Tiffany Bills' life story reads like a Shakespearean tragedy.
Years of sexual abuse, prostitution and drug addiction took their toll including losing custody of her three children.
After her friend turned her in for heroin use in 2011, Bills spent six months in jail and was released to the New Life Recovery Program at the Rescue Mission of Salt Lake's women's facility on May 15, 2012.
She's been sober ever since.
"Just being with the rescue mission has changed my life. I've got a whole new outlook on life, " Bills said Wednesday afternoon as she volunteered at a table set up to hand out free clothing donated to the mission and talking to others about her experiences with the inpatient program.
Subway was on hand to raise awareness of the program that organizers say has improved so many lives. Subway gave out more than 1,000 sandwiches and sides to the more than 650 homeless who lined up at Pioneer Park as part of a monthlong campaign by the restaurant chain in Utah to generate awareness of the mission.
The recovery program takes a minimum of 13 months and often longer. In order to help raise money for the privately funded mission, Subway restaurants are challenging the community to donate throughout the month of June by matching every dollar raised up to $10,000. Donors can visit http://www.rescuesaltlake.org to donate online or via phone at 801-746-1006.
The mission is an emergency service homeless shelter, which provides meals, shelter, a place to shower and clothing free of charge.
"There is nothing that will inhibit a homeless person from leaving their life on the streets except for their desire to change," said Chris Croswhite, executive director of the rescue mission of Salt Lake.
According to Croswhite, at any given time, there are about 3,500 homeless people in Utah, which means that annually, there will be more than 15,000 people who will experience homelessness in the state.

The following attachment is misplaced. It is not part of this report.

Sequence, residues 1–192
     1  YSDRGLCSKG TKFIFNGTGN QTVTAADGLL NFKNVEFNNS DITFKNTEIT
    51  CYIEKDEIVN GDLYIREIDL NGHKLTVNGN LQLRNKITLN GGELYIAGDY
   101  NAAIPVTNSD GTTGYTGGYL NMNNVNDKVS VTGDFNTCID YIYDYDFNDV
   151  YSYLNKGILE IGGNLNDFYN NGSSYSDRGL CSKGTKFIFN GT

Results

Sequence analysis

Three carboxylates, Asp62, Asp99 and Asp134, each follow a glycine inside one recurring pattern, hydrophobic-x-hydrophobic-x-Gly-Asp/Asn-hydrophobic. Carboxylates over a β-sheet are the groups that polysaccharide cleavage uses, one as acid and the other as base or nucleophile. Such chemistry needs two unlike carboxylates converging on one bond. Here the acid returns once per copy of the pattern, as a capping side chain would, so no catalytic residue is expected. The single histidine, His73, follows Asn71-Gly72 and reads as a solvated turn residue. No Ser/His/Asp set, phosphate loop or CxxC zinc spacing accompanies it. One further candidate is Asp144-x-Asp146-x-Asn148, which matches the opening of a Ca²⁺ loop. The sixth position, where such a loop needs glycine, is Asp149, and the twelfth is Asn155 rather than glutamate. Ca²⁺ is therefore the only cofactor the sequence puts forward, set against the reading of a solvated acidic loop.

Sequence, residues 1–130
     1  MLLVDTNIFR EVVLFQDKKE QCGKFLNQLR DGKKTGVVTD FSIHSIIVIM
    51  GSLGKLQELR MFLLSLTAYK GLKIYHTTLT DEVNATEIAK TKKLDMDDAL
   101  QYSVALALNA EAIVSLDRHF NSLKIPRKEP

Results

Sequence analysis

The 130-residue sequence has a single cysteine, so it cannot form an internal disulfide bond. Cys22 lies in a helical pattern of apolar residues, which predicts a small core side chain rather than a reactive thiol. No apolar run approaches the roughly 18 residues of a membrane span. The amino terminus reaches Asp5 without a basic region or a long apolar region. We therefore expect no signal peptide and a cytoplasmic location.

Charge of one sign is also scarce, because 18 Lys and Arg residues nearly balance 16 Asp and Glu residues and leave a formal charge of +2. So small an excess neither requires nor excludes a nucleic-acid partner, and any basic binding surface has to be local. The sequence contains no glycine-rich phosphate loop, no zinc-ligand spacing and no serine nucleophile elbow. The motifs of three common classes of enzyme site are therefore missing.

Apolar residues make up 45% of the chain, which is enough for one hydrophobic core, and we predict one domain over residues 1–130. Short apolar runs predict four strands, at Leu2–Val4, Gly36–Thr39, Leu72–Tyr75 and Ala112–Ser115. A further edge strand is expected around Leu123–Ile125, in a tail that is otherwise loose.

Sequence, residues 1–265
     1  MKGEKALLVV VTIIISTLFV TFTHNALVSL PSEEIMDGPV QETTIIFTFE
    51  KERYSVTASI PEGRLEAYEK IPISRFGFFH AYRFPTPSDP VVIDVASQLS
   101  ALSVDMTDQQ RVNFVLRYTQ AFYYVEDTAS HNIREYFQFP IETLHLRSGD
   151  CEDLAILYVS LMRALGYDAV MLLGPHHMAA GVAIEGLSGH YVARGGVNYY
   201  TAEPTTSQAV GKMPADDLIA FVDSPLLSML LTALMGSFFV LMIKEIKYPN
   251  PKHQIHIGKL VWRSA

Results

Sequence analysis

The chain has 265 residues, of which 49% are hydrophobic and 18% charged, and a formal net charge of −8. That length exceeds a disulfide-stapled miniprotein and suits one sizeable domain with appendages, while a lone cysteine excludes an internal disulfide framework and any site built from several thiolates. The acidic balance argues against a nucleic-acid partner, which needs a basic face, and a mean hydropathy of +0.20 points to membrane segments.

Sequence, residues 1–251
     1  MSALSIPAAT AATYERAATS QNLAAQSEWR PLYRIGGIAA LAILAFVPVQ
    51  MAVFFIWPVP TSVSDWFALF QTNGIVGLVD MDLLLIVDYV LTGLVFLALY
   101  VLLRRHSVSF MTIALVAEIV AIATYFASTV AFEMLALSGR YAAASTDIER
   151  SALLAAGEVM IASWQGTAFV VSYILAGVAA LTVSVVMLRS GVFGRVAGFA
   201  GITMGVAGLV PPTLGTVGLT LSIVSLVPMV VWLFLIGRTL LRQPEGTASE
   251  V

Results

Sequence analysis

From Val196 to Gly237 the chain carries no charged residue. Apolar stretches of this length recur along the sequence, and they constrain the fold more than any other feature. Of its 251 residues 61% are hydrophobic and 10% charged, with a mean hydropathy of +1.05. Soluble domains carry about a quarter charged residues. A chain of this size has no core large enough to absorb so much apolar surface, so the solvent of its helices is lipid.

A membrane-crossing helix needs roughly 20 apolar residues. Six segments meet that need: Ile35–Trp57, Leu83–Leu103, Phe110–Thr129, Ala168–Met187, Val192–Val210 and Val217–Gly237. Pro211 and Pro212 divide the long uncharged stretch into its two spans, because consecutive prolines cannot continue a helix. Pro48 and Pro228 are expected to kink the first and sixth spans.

"Our goal is to provide emergency services to [the homeless] and then build a trusting relationship so when they want help to leave their lives on the streets, they can join the rescue mission's inpatient recovery program for men and women," Croswhite said.
He added said that even small donations to the program make a large impact. One dollar can provide one meal, $7 can provide one meal and a full night of shelter and $10 dollars can provide three meals and a full night of shelter.
It costs about $1,000 per month for each person in the recovery program, which currently has 54 men and women.
This is the fourth year Subway restaurants of Utah has partnered with the mission.
"Honestly, the rescue mission does so much work for this community, it just goes unheralded," Subway restaurant owner Trent Evans said. "We wanted to team up with them and try to raise more awareness, help our friends in need and let more people know what the rescue mission is all about."
He said he recognized that "one meal isn't going to do a lot, but if we can raise awareness, hopefully, that one meal will turn into lots of meals from others giving more support to the rescue mission."
For Clarence Burnette, who within the last two months lost two family members, his job and his apartment, the event has the power to be life-altering, as he will be going to the mission next weekend as part of the inpatient recovery program.
"Just to be out here around other people and to have something to eat really means a lot," Burnette said. "People out here trying to help peoplethat's what it's all about."
To donate to the rescue mission